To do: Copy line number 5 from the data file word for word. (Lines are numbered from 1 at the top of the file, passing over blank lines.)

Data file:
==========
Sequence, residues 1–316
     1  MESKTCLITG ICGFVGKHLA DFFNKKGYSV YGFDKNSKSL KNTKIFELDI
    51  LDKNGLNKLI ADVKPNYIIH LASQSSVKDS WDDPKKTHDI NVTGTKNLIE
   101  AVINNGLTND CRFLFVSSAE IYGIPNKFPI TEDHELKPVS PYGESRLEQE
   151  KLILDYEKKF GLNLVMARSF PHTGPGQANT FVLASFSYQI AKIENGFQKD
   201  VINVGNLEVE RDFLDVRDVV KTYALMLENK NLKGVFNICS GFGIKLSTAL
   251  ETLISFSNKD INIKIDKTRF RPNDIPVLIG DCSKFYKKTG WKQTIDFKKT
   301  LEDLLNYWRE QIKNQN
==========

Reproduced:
   151  KLILDYEKKF GLNLVMARSF PHTGPGQANT FVLASFSYQI AKIENGFQKD